“The Outsiders” #39 feels like a comic not of its time. I’m not entirely sure if that’s a compliment or not, because some parts of the comic work and others do not. As a basic concept, the idea of two groups of Outsiders fighting one another is a strong, classic concept. It reminds me of old annuals where superhero teams were split in two and forced to fight lest a cosmic foe destroy the Earth. Those were always fun comics and a chance to see how your favorite heroes measure up against one another in a fight. Bringing that idea to this issue of “The Outsiders” should have made for an entertaining comic, but it’s dismissed so quickly that the prospect of superheroes fighting one another is nothing more than a tease.
On one side are the Outsiders led by Geo-Force and, on the other, is the group led by Black Lightning. They’re fighting to influence/end the war in Markovia -- exactly why isn’t made clear here and that lack of a reason is why the fighting stops so quickly with peace quickly brokered between the two teams. What little is shown is fun and would have been better in an expanded form.
In fact, the entire issue has a rushed feel. No doubt the series ending with issue 40 is a factor, but the pacing of the issue doesn’t work. Keith Giffen uses a six-panel grid for much of the issue and, while six panels may be plenty these days, it somehow seems too relaxed a pace for the story being told. So much is going on with the Outsiders/Outsiders battle -- the fight between Geo-Force and Veritas, an appearance by Herald that’s wrapped up astonishingly quickly, and Batman rushing to Markovia despite the protests of Amanda Waller -- that the issue needed more room for it all. As well, the strict use of the six-panel grid makes for some panels that barely have anything in them and could have easily been smaller, both for economical storytelling and for purely aesthetic reasons.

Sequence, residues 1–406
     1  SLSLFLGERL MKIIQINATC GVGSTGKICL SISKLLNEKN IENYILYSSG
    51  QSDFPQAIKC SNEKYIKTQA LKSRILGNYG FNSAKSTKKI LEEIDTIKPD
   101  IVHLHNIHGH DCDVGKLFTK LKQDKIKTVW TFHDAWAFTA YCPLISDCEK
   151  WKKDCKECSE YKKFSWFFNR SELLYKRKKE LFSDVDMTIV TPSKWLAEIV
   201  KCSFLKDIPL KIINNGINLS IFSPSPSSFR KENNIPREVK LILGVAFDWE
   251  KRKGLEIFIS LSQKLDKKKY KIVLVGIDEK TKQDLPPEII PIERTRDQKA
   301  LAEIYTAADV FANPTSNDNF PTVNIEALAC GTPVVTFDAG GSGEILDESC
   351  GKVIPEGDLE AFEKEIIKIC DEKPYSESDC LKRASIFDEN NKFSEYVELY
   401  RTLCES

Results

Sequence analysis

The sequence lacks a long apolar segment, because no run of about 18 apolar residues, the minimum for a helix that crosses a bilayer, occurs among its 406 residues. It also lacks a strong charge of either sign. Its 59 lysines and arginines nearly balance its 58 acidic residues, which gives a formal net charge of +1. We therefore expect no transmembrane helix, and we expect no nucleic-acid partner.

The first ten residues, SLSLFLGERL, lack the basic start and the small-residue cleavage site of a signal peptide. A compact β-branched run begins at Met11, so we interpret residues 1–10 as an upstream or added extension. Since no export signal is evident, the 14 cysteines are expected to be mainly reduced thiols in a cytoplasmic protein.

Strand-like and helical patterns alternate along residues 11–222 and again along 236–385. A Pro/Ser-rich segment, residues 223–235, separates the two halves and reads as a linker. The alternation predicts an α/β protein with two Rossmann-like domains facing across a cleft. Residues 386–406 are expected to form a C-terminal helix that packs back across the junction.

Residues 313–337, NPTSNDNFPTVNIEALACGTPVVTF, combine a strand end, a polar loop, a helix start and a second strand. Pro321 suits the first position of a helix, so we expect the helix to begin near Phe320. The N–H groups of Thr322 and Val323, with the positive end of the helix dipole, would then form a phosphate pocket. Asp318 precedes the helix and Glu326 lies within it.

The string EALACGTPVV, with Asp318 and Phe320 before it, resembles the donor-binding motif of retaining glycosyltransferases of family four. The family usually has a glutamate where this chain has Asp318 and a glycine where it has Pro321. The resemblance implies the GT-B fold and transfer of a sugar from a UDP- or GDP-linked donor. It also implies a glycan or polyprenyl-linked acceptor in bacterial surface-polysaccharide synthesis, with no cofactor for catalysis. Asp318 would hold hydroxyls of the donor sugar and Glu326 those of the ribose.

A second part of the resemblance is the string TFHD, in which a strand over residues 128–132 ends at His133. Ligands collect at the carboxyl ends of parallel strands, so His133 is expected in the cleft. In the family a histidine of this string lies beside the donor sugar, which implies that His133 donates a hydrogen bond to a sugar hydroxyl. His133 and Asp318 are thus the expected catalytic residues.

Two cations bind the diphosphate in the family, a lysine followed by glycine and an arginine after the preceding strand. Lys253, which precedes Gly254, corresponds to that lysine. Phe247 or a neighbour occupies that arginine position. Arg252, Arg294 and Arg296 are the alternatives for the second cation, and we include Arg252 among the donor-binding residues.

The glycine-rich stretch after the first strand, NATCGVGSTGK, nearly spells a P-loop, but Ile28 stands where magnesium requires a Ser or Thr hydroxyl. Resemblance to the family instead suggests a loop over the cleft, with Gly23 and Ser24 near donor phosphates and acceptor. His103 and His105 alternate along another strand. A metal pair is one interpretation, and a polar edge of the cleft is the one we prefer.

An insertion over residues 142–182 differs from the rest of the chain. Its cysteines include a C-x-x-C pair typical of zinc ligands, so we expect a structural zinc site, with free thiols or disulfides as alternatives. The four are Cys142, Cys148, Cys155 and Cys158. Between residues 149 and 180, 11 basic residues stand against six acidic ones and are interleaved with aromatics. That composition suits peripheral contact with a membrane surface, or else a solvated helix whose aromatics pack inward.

Giffen’s art itself helps lend the issue that retro feel I talked about above. It’s clear and energetic storytelling with block, dynamic characters. The fight between Freight Train and Katana gets a page early in the issue, depicted in such a basic, to-the-point style. It’s almost a step-by-step showcase of the fight and the transition of Freight Train being knocked down by Katana, to Owlman being thrown out a window in a similar pose is solid. Giffen’s characters are always in motion and almost every panel communicates a necessary piece of information. Later in the issue, he breaks away from the six-panel grid, and the issue comes alive more then, the art ebbing and flowing with the demands of the story more.
If “The Outsiders” #39 had more space or a more specific focus, it would be a stronger comic. So much is going on that nothing gets enough space or attention with numerous plots ended before they have a chance to begin it seems. Since the book is ending next month, the rush to wrap everything up is surely a factor and that’s a shame, because there was potential here for the sort of simple, entertaining superhero comic book that you don’t see too much these days.